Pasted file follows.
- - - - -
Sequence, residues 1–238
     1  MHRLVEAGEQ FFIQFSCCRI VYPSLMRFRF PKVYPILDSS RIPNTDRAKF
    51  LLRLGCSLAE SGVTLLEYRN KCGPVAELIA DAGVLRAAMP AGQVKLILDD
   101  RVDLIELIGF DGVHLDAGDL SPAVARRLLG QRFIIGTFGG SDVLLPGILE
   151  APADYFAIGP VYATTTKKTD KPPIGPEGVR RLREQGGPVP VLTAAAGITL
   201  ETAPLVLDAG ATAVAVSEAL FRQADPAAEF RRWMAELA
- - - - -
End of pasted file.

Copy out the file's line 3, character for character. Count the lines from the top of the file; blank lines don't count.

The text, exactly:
    51  LLRLGCSLAE SGVTLLEYRN KCGPVAELIA DAGVLRAAMP AGQVKLILDD